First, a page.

Federal regulators announced today they would add additional safety warnings to the labels on statins, a class of drugs that lower cholesterol.
Statins -- more commonly known by the brand names Lipitor, Crestor and Zocor -- inhibit the enzyme that plays a big part in the liver's production of cholesterol.
The U.S. Food and Drug Administration now requires that statin labels include warnings about the rare but serious risk of liver damage, memory loss and confusion, and type 2 diabetes. Certain statins, known by the generic name lovastatin, can raise the risk of muscle weakness.
The decision came following an internal meeting between the FDA's Office of Surveillance and Epidemiology and Office of New Drugs, according to Dr. Amy Egan, the FDA's deputy director of safety in the division of metabolism drug products.
Egan said most of the information reviewed, especially the effect of statins on memory loss, came from a small number anecdotal reports compiled over one year. She added that the warning for memory loss was more for serious cognitive problems than simple forgetfulness.
"We can't establish causality with statin therapy," said Egan, regarding the new warnings.
Also, most of the studies the division evaluated were short-term studies, suggesting that the long-term effects of statin therapy were unclear. Egan also said it had yet to be determined which statins and at what dose could increase the risk of the listed side effects.
However, many experts said they'd seen these effects in some of their patients. Although the need for liver-monitoring tests have also been removed from statin labels -- and instead replaced with recommendations to perform liver enzyme tests before starting statin therapy -- many experts said they still prescribed these tests for their patients.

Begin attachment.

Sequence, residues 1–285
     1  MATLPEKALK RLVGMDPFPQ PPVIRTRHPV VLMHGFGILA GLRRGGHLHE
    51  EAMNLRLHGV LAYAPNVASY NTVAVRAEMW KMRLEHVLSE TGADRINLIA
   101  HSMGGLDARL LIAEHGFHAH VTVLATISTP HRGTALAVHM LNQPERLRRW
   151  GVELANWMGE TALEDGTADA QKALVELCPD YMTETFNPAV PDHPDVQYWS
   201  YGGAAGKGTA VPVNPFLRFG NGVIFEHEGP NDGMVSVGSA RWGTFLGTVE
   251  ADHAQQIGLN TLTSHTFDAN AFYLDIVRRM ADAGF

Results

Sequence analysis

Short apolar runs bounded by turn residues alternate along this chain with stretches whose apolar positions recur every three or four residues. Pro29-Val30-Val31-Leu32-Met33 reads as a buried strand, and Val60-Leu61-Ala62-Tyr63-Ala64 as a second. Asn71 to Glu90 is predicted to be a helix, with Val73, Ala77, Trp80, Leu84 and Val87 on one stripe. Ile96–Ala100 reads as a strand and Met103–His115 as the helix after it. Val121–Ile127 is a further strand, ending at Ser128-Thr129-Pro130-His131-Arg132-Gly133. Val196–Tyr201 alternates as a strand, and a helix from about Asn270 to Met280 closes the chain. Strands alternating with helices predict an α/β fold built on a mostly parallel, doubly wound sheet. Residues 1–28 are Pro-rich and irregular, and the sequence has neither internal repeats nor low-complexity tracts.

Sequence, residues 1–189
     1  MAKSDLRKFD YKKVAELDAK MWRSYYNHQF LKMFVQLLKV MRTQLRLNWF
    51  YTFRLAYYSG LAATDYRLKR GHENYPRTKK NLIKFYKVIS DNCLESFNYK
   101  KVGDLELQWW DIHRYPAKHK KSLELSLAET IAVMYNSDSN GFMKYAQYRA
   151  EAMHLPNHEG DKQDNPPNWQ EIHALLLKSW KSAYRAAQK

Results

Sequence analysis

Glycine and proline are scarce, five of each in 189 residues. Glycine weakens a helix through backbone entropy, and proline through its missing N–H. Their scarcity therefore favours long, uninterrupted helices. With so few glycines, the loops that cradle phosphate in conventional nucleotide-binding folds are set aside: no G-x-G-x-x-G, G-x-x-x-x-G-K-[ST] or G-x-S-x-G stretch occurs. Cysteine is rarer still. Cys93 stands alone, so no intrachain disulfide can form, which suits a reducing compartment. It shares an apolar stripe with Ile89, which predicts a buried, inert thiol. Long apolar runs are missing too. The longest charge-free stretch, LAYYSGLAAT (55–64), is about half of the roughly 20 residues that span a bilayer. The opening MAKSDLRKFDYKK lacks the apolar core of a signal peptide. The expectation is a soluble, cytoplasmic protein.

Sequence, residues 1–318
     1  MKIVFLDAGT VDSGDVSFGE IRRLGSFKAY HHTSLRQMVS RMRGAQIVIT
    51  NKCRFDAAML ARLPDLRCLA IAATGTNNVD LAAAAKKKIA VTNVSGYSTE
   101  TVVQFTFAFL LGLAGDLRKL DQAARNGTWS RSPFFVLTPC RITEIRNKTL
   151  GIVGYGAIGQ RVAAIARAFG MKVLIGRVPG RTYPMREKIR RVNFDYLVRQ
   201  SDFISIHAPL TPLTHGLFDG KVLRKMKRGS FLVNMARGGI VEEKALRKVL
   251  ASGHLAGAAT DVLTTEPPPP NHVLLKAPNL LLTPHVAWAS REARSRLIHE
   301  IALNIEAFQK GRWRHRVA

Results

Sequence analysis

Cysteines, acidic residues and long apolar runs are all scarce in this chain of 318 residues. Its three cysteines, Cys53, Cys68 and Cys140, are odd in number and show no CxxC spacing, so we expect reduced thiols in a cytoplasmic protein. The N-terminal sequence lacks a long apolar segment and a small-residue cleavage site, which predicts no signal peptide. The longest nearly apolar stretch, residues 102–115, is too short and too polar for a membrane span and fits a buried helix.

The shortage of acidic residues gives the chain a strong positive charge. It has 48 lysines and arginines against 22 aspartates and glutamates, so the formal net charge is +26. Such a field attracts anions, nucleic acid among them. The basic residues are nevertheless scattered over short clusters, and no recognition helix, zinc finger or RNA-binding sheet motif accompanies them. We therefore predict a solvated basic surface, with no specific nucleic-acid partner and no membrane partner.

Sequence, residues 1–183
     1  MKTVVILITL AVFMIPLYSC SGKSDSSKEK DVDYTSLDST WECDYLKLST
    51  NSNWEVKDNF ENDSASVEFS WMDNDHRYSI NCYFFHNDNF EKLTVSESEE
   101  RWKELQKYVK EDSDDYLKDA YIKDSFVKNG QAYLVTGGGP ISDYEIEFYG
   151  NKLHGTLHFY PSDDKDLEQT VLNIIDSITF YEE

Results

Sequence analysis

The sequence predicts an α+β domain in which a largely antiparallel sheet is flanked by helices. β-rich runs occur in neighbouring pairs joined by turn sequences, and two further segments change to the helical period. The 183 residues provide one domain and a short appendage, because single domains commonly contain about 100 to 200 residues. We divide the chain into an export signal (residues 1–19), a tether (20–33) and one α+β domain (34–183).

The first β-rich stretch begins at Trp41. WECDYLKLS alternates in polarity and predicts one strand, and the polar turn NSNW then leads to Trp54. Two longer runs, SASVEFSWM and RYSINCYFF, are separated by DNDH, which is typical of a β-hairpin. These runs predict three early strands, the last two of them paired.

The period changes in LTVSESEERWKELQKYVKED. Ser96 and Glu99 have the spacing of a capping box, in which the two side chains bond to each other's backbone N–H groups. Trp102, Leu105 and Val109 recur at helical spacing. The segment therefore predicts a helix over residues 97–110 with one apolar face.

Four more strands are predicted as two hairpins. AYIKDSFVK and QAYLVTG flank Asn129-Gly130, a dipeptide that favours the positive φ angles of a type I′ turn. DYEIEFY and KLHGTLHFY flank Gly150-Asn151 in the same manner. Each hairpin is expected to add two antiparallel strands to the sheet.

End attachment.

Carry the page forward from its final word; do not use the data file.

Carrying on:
"I disagree with the notion that you can stop checking for liver function test abnormalities," said Dr. Andrew Carroll, a physician at the Renaissance Medical Group in Phoenix.
Carroll said he saw high liver enzymes in about 5 percent of the patients to whom he prescribed statins, prompting him to recommend they stop taking the medication.
Still, many experts said the added labels should not deter patients from statins. Instead, they should report any side effects they experience to their physician.
"This information highlights the importance of being alert to any new symptom that occurs around the time that you have started any new medication, and making sure that we only recommend drugs where there is a chance of a substantial benefit since all drugs have risks," said Dr. Harlan Krumholz, a cardiologist and associate professor of medicine at Yale University School of Medicine.
While the risk of the side effects remains low, Egan said larger and longer-term studies need to be completed to understand exactly what type of patients may be at higher risk.
"We really don't feel the changes in the drug labels we made today alter the risk status of statins," Egan told ABC News. "We still think the benefits of the drug outweigh the risks."
Consumers will be able to see the label changes on their medications within the next 30 days, Egan said.